History Timeline 1860s

Photo above: President Abraham Lincoln. Courtesy National Archives. Right: Lithograph of Fort Sumter. Image courtesy Library of Congress.

Fort Sumter

U.S. Timeline - The 1860s

The Civil War

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  • Timeline

  • 1866 - Detail

    July 28, 1866 - Weights and measures are standardized in the United States when the Metric Act of 1866 passes Congress.

    Table of Weights and Measures

    It was, in many ways, important legislation, to have a standard way of measuring things for commercial reasons. However, while the legislation, introduced by John Kasson, an Iowa Congressman, and sometimes referred to as the Kasson act, an official conversion table, somewhat accurate, from traditional weights and measures used in the United States (feet, inches, pounds) to the metric system preferred by much of the world, it was, in some ways an attempt to convert the United States over to the metric system eventually. Eventually, as we know now, has not yet come, though remains a goal for some.

    The legislation did, however, legally recogize the use of the metric system in the United States, and it was put to use. It passed the House of Representatives on May 17, 1866, and the Senate on July 27, 1866.

    Full Text, Metric Act 1866

    H.R. 596

    In the Senate of the United States
    May 18, 1866
    Read twice and referred to a Select Committee on Coinage and Weights and Measures.

    An Act
    To authorize the use of the metric system of weights and measures.

    Be it enacted by the Senate and the House of Representatives of the United States of America in Congress assembled, That from and after the passage of this act is shall be lawful throughout the United States of America to employ the weights and measures of the metric system; and no contract or dealing, or pleading in any court, shall be deemed invalid or liable to objection because the weights or measures expressed or referred to therein are weights or measures of the metric system.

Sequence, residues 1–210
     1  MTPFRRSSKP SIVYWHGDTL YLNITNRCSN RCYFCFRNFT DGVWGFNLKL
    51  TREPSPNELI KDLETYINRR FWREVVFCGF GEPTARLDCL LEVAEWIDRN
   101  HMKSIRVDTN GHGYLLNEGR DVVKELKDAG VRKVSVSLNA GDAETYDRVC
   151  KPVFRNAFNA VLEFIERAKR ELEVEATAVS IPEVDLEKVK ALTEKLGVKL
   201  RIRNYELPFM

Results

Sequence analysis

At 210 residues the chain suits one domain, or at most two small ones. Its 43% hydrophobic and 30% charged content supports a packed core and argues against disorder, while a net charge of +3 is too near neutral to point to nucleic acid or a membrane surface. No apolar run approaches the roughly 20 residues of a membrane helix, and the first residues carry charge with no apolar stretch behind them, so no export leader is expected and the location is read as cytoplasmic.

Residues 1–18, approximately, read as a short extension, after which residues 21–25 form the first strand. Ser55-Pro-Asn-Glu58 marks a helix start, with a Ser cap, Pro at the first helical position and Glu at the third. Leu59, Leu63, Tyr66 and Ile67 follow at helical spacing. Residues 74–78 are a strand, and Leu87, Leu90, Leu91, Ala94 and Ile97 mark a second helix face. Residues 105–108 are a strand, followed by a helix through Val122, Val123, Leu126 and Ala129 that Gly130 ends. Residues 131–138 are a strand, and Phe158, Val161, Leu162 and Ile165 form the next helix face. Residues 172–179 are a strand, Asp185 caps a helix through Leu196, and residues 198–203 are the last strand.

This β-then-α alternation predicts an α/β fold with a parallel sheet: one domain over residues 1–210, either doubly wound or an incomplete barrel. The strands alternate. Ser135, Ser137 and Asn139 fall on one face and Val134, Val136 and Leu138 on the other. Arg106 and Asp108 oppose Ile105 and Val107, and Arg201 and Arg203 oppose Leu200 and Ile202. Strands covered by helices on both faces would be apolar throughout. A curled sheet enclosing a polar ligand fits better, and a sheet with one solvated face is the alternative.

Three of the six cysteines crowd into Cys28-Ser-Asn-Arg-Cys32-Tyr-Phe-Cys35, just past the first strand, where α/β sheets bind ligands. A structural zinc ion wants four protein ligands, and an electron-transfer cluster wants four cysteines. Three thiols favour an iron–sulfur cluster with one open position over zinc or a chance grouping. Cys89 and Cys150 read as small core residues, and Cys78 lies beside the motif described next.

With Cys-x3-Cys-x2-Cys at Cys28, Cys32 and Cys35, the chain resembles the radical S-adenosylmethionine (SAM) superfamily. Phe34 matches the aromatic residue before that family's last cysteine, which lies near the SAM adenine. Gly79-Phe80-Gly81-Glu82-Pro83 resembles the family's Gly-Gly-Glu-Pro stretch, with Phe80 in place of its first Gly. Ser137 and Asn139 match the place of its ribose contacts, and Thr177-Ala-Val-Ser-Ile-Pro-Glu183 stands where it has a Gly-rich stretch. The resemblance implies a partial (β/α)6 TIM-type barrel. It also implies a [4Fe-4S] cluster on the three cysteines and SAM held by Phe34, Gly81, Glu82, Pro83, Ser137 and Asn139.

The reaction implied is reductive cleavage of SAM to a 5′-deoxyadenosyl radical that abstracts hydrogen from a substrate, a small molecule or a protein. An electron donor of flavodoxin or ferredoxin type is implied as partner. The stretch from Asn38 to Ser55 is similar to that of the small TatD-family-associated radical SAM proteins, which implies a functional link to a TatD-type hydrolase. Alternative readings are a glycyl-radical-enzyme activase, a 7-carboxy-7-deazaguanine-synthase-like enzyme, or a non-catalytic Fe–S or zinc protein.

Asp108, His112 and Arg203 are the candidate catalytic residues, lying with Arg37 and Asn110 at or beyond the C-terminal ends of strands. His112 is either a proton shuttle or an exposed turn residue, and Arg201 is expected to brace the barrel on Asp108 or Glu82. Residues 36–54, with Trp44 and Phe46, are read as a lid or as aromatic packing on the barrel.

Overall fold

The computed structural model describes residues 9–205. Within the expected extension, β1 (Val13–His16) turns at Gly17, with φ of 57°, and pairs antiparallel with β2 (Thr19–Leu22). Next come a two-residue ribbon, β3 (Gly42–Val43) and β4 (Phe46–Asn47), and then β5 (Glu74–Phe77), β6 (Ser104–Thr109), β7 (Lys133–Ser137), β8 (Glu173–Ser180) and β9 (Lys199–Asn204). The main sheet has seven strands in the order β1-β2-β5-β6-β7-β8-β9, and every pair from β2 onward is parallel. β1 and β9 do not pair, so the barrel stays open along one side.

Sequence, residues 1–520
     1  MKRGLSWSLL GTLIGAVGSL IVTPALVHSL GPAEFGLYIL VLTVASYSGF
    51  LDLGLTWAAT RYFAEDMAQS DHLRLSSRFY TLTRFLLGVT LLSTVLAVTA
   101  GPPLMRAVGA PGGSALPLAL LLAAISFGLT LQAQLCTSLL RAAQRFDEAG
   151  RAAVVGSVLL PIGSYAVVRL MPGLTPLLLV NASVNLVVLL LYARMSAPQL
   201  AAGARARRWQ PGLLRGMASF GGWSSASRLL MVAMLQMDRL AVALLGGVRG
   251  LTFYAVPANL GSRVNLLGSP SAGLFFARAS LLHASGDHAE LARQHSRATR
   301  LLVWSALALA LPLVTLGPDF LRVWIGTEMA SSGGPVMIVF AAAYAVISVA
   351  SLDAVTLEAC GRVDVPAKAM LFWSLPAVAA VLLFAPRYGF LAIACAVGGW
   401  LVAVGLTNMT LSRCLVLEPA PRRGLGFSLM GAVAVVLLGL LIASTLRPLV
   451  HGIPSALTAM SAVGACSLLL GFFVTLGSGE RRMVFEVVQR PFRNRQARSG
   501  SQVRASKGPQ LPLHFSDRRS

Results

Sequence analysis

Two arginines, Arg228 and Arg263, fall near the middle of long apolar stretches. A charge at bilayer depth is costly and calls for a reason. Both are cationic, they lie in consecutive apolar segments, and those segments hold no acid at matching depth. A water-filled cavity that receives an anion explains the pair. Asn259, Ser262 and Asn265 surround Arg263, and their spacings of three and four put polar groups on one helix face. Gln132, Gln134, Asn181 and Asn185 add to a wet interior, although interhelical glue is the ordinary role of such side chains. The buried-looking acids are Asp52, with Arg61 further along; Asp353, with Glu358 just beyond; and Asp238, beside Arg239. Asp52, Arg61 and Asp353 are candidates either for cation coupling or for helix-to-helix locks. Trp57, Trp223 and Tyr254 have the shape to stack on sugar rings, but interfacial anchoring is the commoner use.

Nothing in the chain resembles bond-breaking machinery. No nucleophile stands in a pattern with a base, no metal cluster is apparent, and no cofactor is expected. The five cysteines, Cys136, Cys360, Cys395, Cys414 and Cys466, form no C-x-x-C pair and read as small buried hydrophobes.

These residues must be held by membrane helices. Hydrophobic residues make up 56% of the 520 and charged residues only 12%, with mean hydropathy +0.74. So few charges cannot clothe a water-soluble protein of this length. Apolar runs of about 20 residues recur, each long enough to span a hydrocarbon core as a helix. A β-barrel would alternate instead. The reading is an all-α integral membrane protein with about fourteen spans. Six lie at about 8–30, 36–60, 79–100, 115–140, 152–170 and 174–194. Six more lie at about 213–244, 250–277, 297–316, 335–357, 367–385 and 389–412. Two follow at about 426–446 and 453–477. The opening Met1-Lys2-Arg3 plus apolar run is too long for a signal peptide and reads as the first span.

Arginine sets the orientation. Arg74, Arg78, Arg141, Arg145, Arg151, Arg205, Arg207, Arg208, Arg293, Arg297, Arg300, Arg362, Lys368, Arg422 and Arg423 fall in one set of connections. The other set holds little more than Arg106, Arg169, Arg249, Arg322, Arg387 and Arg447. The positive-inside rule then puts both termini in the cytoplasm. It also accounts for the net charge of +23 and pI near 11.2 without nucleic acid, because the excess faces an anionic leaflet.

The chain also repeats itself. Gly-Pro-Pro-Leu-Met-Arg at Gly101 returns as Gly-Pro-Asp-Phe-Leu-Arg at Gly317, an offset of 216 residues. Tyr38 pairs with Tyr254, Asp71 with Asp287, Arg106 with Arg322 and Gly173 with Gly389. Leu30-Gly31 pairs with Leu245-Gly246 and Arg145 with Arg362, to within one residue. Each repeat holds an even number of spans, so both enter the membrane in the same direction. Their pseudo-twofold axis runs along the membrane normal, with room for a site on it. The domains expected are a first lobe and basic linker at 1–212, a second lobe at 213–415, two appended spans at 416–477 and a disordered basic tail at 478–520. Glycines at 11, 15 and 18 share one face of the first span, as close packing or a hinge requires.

Sec. 2. And be it further enacted, That the tables in the schedule hereto annexed shall be recognized in the construction of contracts, and in all legal proceedings, as establishing, in terms of the weights and measures now in use in the United States, the equivalents of the weights and measures expressed therein in terms of the metric system; and said tables may be lawfully used for computing, determining, and expressing in customary weights and measures the weights and measures of the metric system.

    Note: Tables for the Measures of Length, Measures of Surface, Measures of Capacity, and Weights followed the text.

    Who Was John A. Kason?

    John Adam Kasson was the head of the Committee on Coinage, Weights, and Measures in the House of Representatives in 1866. An Iowa Congressman, elected six times to the House over a period of time when he also served in the diplomatic service, Kasson originally hailed from Vermont and was a lawyer by trade. He first practiced law in St. Louis, Missouri, graduating from the University of Vermont in 1842, before moving to Des Moines, Iowa in 1857.

    His first major political position came at the Republican convention of 1860, where he championed and was the primary draftsmen of the platform that included the anti-slavery position which Abraham Lincoln preferred and helped push South Carolina to secede, and thus, the Civil War to start. Lincoln would appoint him Assistant Postmaster General after his election, serving in that position from 1861-1862.

    Kasson left that position to run and win his first Congressional seat, serving from 1863-1867, then later from 1873-1877, and 1881-1884. Why did Kasson have gaps in that service? Kasson lost the Republican nomination for the seat to fellow Republican and Civil War hero Grenville Dodge in 1866. He sought not to seek reelection after the next two terms, serving during those years under President Rutherford B. Hayes in a diplomatic position in Austria-Hungary.

    Image above: Chart of Weights and Measures, 1890, R.O. Evans and G.A. Bass. Courtesy Library of Congress. Photo below: Detail of brick nogging with metric scale in Laramie, Wyoming, 1974, Jack E. Boucher, Historic American Buildings Survey. Courtesy Library of Congress. Info source: Library of Congress; Wikipedia Commons; U.S. Metric Association; National Institute of Standards and Technology, Department of Commerce.

    Nogging with Metric Scale

    History Photo Bomb